Airbus and AirAsia announce record deal for 200 planes

AirAsia chairman Tony Fernandes (L) Airbus chief executive Tom Enders AirAsia and Airbus bosses announced the deal at the Paris air show

Airbus piled up the orders at the Paris air show as it announced the largest single order of aircraft in history.

Malaysia's low-cost carrier AirAsia is buying 200 of the fuel-efficient A320neo jets, in a deal worth about $18bn (£11bn).

That eclipsed a deal on Wednesday, when India's IndiGo confirmed an order for 180 planes from Airbus worth about $15.6bn (£9.7bn) at list prices.

That deal is for 150 of Airbus' new A320neos and 30 A320s.

It follows a memorandum of understanding between the two companies signed in January this year.

'Historic deal'

Airbus said that the AirAsia deal made the Malaysian carrier its biggest airline customer for its single-aisle product line.

Altogether, AirAsia has now placed firm orders for 375 aircraft from the A320 family, with 89 already in service.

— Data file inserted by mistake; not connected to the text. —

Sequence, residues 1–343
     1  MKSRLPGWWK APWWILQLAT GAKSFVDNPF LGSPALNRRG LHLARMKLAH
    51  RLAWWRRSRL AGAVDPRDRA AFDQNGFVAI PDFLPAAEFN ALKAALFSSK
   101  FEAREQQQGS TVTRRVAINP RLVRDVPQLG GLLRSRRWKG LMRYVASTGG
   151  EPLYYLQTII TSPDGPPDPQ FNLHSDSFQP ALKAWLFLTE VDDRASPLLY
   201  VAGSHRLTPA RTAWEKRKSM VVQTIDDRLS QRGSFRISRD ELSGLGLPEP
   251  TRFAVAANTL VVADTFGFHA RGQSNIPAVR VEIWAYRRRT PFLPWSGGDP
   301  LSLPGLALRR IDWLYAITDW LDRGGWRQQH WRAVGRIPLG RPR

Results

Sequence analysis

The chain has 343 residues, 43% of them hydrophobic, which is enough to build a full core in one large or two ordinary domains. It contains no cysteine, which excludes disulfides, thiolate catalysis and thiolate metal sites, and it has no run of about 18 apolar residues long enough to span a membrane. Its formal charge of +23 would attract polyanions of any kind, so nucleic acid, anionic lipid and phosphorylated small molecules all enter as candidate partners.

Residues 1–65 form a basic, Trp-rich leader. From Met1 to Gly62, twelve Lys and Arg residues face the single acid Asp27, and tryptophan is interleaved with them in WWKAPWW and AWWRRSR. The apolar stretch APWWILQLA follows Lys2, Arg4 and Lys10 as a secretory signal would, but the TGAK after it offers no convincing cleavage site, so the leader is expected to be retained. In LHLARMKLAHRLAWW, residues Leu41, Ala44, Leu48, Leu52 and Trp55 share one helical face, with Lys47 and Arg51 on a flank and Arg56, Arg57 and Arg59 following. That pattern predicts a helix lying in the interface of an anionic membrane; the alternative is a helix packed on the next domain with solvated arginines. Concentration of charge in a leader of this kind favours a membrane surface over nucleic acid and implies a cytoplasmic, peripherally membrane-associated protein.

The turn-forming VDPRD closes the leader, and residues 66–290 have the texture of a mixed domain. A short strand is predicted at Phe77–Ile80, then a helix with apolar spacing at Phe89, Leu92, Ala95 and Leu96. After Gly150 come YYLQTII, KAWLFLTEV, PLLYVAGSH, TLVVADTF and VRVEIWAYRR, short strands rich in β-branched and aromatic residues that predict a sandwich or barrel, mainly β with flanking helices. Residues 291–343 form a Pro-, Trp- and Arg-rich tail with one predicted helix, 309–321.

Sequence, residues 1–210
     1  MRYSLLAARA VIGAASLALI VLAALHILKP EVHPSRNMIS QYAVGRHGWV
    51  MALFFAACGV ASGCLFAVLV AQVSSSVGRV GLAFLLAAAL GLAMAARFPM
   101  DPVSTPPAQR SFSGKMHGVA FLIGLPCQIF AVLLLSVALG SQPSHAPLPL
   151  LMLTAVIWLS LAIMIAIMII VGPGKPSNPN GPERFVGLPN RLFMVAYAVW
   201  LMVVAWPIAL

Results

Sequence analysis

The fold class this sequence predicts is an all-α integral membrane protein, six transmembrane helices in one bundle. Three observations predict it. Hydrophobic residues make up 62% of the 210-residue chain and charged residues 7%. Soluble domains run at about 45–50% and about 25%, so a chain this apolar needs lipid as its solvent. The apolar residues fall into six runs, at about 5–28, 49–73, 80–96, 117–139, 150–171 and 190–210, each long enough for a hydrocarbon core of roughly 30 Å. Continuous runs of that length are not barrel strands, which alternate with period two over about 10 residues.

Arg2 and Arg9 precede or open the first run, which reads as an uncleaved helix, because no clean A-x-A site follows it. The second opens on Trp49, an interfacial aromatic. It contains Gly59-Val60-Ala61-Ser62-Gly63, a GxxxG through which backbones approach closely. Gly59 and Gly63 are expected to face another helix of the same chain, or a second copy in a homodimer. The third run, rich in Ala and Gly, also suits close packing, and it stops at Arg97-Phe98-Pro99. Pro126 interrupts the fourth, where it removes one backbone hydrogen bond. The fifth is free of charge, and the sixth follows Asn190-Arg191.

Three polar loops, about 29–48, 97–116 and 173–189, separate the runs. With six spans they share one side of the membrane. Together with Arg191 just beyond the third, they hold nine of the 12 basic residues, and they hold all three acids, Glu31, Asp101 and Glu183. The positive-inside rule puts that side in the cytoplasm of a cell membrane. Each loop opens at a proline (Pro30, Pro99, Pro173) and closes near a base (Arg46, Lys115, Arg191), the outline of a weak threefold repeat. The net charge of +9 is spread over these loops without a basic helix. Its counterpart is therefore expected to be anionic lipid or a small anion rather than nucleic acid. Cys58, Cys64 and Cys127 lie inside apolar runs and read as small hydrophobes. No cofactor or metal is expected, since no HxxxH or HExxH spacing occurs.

"With this historic deal, AirAsia has secured its future with the ability to meet the huge growth potential offered by the Asian market," said Tony Fernandes, chief executive of AirAsia.

Airbus, owned by EADS, has left rival Boeing far behind in terms of orders at the event, as high fuel costs increase the demand for fuel-efficient aircraft.

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Though slightly modified, the 150-seat passenger jet itself is not new. But its engines are - and they are much better than anything else currently on offer”

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The company estimates it has sold more than 700 A320neo jets so far.

"There is a possibility that we will be at 1,000 by the end of the show," said Airbus sales chief John Leahy.

According to the BBC's aerospace industry specialist, Jorn Madslien, the A320neos are proving popular because their two new engines are 15% more fuel efficient and 30% cheaper to maintain than current models.

But Airbus' success leaves Boeing with a very tough dilemma, our correspondent at the air show says.

The US planemaker's A320 rival is the 737, but the plane is very low, so fitting modern, fuel-efficient engines under its wings would be a tight squeeze.

Making it happen would require a new undercarriage, which is costly and difficult, as well as time-consuming, he says.

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